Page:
Iron-deficiency anemia – causes, side effects and treatments at NaturalPedia.com

Thursday, May 03, 2018 by

Iron-deficiency anemia, the most common form of anemia, occurs when the levels of iron in the body are too low to support the normal production of red blood cells. Iron-deficiency anemia can occur because the body loses more blood cells and iron than it can replace; the body does not absorb iron well; you are not eating enough foods that contain iron; or the body needs more iron than normal, such as during pregnancy or breastfeeding.

People with an increased risk of iron-deficiency anemia include women of childbearing age, pregnant women, people with poor diets, people who donate blood frequently, infants and children, especially those born prematurely or undergoing a growth spurt, and vegetarians who do not replace meat with another iron-rich food.

Known side effects of iron-deficiency anemia

The side effects of iron-deficiency anemia generally include general weakness, dizziness or lightheadedness, extreme fatigue, fast heartbeat, easily broken and brittle nails, paler than normal skin, chest pain, shortness of breath, headaches, cold hands and feet, soreness or inflammation of the tongue, cravings for non-nutritive things, such as dirt, starch, or ice, and poor appetite, especially in children.

If the condition remains untreated, it could lead to other complications, such as slow growth and developmental delays in children and infants; heart problems, such as heart failure or an enlarged heart due to lack of oxygen; and complications in pregnancy, such as low birth weights and a higher risk for premature birth.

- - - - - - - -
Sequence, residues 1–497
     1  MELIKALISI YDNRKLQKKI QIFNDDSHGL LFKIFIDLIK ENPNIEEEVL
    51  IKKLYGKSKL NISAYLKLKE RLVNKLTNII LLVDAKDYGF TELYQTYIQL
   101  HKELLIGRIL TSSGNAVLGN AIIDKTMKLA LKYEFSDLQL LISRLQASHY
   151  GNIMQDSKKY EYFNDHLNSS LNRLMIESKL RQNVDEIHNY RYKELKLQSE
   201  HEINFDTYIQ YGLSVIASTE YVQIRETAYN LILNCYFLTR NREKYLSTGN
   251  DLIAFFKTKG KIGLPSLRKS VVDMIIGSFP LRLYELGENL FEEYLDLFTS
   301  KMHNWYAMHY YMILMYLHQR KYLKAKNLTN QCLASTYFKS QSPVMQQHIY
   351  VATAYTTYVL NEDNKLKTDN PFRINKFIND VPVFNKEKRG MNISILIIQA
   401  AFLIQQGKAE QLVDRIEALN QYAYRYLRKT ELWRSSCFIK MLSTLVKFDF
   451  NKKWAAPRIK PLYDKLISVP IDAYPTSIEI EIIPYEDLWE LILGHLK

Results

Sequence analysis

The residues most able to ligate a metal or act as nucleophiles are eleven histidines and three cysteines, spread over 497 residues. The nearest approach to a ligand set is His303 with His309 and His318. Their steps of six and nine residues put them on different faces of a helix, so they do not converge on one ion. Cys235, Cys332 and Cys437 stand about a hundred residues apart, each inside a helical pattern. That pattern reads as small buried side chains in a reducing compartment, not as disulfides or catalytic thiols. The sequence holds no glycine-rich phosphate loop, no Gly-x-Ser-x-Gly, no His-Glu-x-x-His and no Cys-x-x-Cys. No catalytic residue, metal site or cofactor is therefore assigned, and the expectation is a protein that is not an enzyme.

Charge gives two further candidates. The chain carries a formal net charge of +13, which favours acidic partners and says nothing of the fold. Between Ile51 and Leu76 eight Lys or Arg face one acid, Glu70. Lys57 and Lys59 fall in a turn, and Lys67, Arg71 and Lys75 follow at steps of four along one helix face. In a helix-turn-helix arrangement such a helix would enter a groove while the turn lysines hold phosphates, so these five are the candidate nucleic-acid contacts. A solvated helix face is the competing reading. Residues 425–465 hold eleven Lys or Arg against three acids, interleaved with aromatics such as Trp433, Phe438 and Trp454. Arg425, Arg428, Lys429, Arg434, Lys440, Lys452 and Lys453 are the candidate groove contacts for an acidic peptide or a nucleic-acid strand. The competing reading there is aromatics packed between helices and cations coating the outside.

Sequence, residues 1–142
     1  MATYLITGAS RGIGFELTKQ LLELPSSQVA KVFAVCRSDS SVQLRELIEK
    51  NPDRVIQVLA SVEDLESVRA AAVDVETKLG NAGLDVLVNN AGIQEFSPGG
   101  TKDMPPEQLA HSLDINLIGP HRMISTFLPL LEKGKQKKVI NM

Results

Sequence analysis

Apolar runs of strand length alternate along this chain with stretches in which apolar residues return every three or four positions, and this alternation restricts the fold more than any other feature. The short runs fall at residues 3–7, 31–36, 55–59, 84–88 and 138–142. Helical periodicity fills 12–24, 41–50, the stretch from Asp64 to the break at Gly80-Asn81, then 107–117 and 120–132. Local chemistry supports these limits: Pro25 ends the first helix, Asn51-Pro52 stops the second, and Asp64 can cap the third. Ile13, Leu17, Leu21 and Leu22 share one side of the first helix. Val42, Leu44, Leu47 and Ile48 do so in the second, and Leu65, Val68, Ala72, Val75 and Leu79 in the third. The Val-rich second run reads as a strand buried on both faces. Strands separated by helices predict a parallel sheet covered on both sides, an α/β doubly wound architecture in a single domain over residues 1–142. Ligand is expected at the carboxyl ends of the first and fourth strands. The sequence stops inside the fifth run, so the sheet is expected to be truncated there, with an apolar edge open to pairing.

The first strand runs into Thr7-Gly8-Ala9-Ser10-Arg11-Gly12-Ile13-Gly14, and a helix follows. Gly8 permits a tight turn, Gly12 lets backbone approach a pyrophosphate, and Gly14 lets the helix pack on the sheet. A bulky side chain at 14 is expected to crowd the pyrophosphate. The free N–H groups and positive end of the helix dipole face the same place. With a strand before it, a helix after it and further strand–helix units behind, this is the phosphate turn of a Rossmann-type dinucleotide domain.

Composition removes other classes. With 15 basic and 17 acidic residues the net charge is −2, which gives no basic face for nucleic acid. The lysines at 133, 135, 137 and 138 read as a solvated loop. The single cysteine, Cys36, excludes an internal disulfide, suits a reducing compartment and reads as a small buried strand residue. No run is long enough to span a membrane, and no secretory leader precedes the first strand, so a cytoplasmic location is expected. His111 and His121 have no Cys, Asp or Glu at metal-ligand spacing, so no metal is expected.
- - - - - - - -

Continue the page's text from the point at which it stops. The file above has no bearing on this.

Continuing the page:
Body systems harmed by iron-deficiency anemia

The body system harmed by iron-deficiency anemia is the circulatory system, as ti affects the production of the red blood cells and the amount of oxygen carried around in the bloodstream.

List of foods or nutrients that prevent iron-deficiency anemia

The foods that prevent iron-deficiency anemia include the following:

  • Black beans
  • Chickpeas
  • Clams
  • Eggs
  • Fortified breakfast cereals
  • Giblets
  • Lentils
  • Liver
  • Mussels
  • Oysters
  • Pumpkin seeds
  • Red meat
  • Sesame seeds
  • Soybeans
  • Spinach

Treatments, management plans for iron-deficiency anemia

Treatments for iron-deficiency anemia include taking iron supplements to replace the missing ion, eating food rich in iron, and avoiding foods and medicines that make it difficult for the body to absorb iron, such as tea and coffee, wholegrain cereals, calcium, antacids, and proton pump inhibitors. Treatment may also involve treating the underlying cause of anemia.

Where to learn more

Summary

Iron-deficiency anemia occurs when there is not enough iron in the body to make red blood cells.

Iron-deficiency anemia is the most common form of anemia.

Iron-deficiency anemia causes general weakness, dizziness or lightheadedness, extreme fatigue, fast heartbeat, easily broken and brittle nails, paler than normal skin, chest pain, shortness of breath, headaches, cold hands and feet, soreness or inflammation of the tongue, cravings for non-nutritive things, such as dirt, starch, or ice, and poor appetite, especially in children.

Iron-deficiency anemia can be prevented by eating foods, such as eggs, red meat, liver, giblets, oysters, mussels, clams, chickpeas, fortified breakfast cereals, pumpkin seeds, soybeans, black beans, lentils, spinach, and sesame seeds.

Iron-deficiency anemia can be treated through iron supplements and foods rich in iron.

Sources include:

EMedicine.Medscape.com

MedlinePlus.gov

Healthline.com

MedicalNewsToday.com

Patient.info

EverydayHealth.com

HSE.ie



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